Note: The cuts in personal tax rates between 1985 and 1999 refer to the top personal tax rate that is applicable to interest income. The rates for Switzerland (SWI) refer to Zurich, the rates for the U.S. refer to the state New York.
Table 1: The Vanishing of the Comprehensive Personal Income Tax Country Austria Belgium Canada Denmark Finland France Germany Greece Ireland Italy Japan Luxembourg Netherlands Norway Portugal Spain Sweden Switzerland UK USA
2002 I/D I/D D D I/D/P I HK I/D I I/D HK I/D/P I/D/P I/D I/D/P
The empirical evidence suggests that the decline in corporate tax rates may bring up problems in the taxation of personal capital income. For tax reasons, savers may prefer corporations rather than bank accounts if the corporate rates fall well below the personal rates. It is unclear, however, whether such a gap between personal and corporate tax rates is developing. As illustrated by Figure 5, in many OECD countries, cuts in top personal tax rates on interest income have been even more pronounced than cuts in corporate tax rates. To some part this reflects a shift in income tax systems. While in 1985 a large majority of OECD countries used a comprehensive income tax under which all incomes were taxed at the same rate, many countries have changed to separate taxation of various income types with lower rates on interest income. Table 1 gives a picture of the vanishing comprehensive income tax that is associated with this development by comparing the years 1985 and 2002. Countries marked with an I have a system that uses a scheduled tax on personal interest income. In the
case of a D or a P, dividends/profits fall under a flat rate that is lower than the top income tax rate on labor income. The remaining shaded fields indicate countries that used a comprehensive system in the respective year. In some countries in this latter group only half of a received dividend is included in the personal tax base. This is denoted by HK. The fact that in many countries tax rates on personal capital income have decreased by more than the rates on corporate income may hint at tax competition effects that are even more pronounced for the personal income tax than for the corporate income tax. Slemrod (2002, p. 1182) finds that, depending on the details of his exploratory regressions, the decline in personal tax rates can explain a large fraction of the decline in international corporate tax rates.
2.5 A Safeguard against Erosion of Personal Labor Taxation Although the corporate income tax is a tax on capital and not on labor, it may act as an important instrument for protecting labor taxation from erosion. If tax policy implements different rates on different income baskets, tax payers are tempted to relabel income that falls in the high tax basket in order to shift it into the low tax one. Empirically, these incentives may be important. Gordon and Slemrod (2000) find that, for the US, a one percentage point increase in the difference between the corporate and personal taxes increases reported labor income by some 3%. In a similar vein, evidence from Norway provided by Fjaerli and Lund (2001) shows that the reduced rate on capital income significantly increased dividends and reduced wages of manager owners. Since the study by Fjaerli and Lund looks at a time period before Norway adapted a formal income splitting rule to avoid income shifting between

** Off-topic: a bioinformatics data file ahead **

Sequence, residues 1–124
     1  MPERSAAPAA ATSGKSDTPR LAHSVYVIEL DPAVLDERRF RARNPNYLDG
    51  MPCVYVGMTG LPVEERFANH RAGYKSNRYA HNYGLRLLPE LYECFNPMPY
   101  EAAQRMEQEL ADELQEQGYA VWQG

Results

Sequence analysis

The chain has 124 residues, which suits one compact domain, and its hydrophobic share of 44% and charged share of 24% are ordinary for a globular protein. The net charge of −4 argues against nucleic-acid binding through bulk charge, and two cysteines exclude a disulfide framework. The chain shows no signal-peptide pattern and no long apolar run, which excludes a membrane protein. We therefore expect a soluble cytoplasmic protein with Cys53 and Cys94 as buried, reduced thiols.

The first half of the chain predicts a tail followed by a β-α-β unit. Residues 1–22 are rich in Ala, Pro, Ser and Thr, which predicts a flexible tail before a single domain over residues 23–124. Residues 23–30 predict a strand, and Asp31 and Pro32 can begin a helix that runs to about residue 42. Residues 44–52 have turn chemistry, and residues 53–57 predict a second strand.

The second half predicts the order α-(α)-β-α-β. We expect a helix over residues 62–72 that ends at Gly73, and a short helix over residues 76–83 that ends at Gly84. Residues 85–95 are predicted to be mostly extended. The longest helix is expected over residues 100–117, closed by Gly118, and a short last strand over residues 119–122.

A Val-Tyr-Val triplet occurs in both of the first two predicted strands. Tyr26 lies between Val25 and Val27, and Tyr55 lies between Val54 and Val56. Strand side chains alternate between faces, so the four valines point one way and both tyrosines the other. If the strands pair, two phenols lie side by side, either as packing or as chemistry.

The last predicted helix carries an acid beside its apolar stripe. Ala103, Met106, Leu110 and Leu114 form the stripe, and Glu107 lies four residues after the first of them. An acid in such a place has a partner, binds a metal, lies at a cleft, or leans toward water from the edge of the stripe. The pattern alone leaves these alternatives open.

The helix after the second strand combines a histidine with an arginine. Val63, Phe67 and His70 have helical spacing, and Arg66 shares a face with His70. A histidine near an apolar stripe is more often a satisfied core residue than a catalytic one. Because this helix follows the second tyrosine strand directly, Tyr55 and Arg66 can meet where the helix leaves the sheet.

baskets, it is difficult to say whether this result of huge income shifting is generally valid for dual income tax systems.5 It should be noted that a corporate income tax is just one way to curb income shifting. Alternatively, a cash flow tax on pure economic rents could be used to do the same job. The reason is that the instrument for curbing income shifting does not necessarily have to raise income on intra marginal units of capital invested. It is sufficient that a marginal Euro shifted from the labor income basket to the corporate income basket is taxed the same in the two baskets and therefore that shifting brings no tax savings.6 In addition, more analysis on the Nordic models of income splitting would be welcome to see whether income shifting can be effectively curbed in the face of differing tax rates on labor and capital income.
3. Conclusion Corporate income taxes in OECD countries account for some 8 per cent of total tax revenues. From the point of view of a treasury department, this may suffice to conclude that the corporate tax is needed. In this paper I have discussed some more subtle reasons that may justify a corporate tax. Several studies have pointed out that the corporate income tax may have an important backstop function that helps preserve the tax base of other taxes and the erosion of the corporate tax in the process of tax competition may therefore have severe additional effects. The importance of the backstop function for capital taxation in general largely depends on whether capital taxation continues to be demanded in the first place. If the answer is yes, then reduced corporate taxes, keeping other taxes on capital constant, seem to lead to sizable
A dual income tax system combines progressive taxation of labor income with a low flat rate on capital income. 6 Given that the tax on corporations is expected to raise revenues, a pure cash flow tax may be more vulnerable to international income shifting by multinational firms via transfer pricing than a corporate income tax. See Gordon/MacKie-Mason (1994b) and Haufler/Schjelderup (2000).
income shifting towards the corporate sector and away from the higher taxed sectors. The importance of the corporate tax as a backstop for labor taxation largely depends on the functioning of alternative measures to avoid income shifting. More empirical analysis in this area would be very welcome.